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Wednesday, June 22, 2005

Fireman Randy for Mayor!

A while back on the Nick Fish Sunday sunrise talk show, the host half-kiddingly asked Portland Commissioner Randy Leonard what he would do if he was assigned the troubled Water Bureau by Mayor Tom Potter. Said Randy: "Then I'll have to run for mayor."

And lo, it has come to pass. (Via b!X -- now you see him, now you don't.)

Comments (13)

I already sent Randy an e-mail to ask him who he had torked off, but he's gone until July 5th. I can't imagine why he got the "punishment bureau".

Maybe he can straighten it out!

Ironic that the five white guys in charge of the City, fire three top administrators, two of which have minority sounding last names. That ought to blow their EEO numbers.

The "come to pass" link is bad. I get a "HTTP 404: Binary article "84114" does not exist." message. This is as of 4:41pm 6/22.

They moved it, but I found it again. Thanks for the alert.


Tom Potter is my guest this week on Outlook Portland with Nick Fish,Sunday, 6:30-7:00 am, on Portland's WB (Channel 3 on Comcast).

I asked Tom Potter whether he intends to run for reelection, whether he has confidence in his police chief, and whether Erik Sten will be the next head of PDC.

We also talked about civil unions and charter review.

He had many interesting things to say.

Please set your TIVO!



PS Governor Kulongoski is my guest July 3. Among other things, he explains his position on the City's effort to buy PGE.

Seems to me that, incredible as it may be, there is a schema underlying Potter's assignments, and that Leonard getting the Water Bureau is a part of that schema.

I noticed a couple of months ago, about the time that Sten and Potter started talking about the city taking over PGE, that the city had begun proclaiming itself as, by printing on water bills, that they were the "City of Portland Utilities", and they also were requesting that they wanted checks for water bills to be made payable to, "City of Portland Utilities". The reason I took notice is that I've been paying water bills to the city since 1973, and, hitherto April, 2005, they had always wanted the bill made out to "Portland Water Bureau." So this was a big change. And the timing of it made it curious.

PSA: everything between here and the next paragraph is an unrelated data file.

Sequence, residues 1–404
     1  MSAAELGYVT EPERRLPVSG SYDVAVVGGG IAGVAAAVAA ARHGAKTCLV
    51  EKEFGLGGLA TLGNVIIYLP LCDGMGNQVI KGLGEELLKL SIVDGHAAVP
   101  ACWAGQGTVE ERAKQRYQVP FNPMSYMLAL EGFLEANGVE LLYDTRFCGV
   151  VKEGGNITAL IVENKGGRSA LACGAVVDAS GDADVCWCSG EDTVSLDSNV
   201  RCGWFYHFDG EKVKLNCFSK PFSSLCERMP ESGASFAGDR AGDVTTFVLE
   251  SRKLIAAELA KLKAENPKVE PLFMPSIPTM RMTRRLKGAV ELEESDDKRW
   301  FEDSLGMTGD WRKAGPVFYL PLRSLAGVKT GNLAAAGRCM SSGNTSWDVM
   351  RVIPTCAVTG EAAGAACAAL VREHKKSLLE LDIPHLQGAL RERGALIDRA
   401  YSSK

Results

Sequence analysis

So now the city is preening itself in front of the mirror as, a utility provider. And, yep, and it's plural too, i.e. "utilities." As in more than one. As if the city just has this vast array of utilities that it operates, and your little old water bill is just for one of them.

Gee. I wonder what other utilities the city had in mind.

The assignment to Leonard of the Bureau of Hydroelectric Power, and as having "liaison responsibilities" over the Portland Utility Review Board, in addition to the Water Bureau gives us a clue. Leonard is overseeing the utilities. He's the Utilities (plural) Commissioner.

And if anybody got shunted off into oblivion, it's Saltzman. Take a look at his assignments. I'd say that he's being repaid for opposing the terror fighting commandos Potter and Leonard over the FBI task force issue.


Not so fast.

Saltzman looks like a big winner to me.

Parks, kids and the environment.

Not a bad portfolio for a politically moderate incumbent up for re-election.

Hard to figure how this amounts to political "oblivion."

I noticed the same thing Jaybird did when I received my last water bill. Remit to "City of Portland Utilities". Sent a cold chill up my spine. Interesting also that, while still running the cobbled together Severn-Trent water billing system, they could make the remit to address change on the bill, but still cannot calculate or provide the stormwater disconnect discounts as promised.

Hard to figure how this amounts to political "oblivion."

As pointed out elsewhere (I can't recall where at the moment), the political risk for Saltzman, who faces re-election soon, is that Parks has the potential to be an albatross, given the tensions between its popularity and general budgetary problems.

Hard to figure how this amounts to political "oblivion."

Maybe "oblivion" is a bit too strong. And I suppose that what's seen as a substantive and high-power assignment is all in the eye of the beholder.

Besides, former city commisioner Charles Jordan parlayed his term of parks oversight into a full-blown career in city parks administration, both here and in Texas, as I recall.

Well, let's overlook the obvious.
Somehow Potter felt Fireman Randy was not as qualified as Sten the great to handle the fire bureau.
Is it that Randy would be too union and not enough management oriented?
I have no idea but perhaps someone else does.

Erik Sten is on special assignment. His assignment is Portland's acquisition of PGE. The commissioner in charge of the fire bureau probably has very little to do, except clang a bell during a photo op from time to time. This will allow him to focus on that mission.

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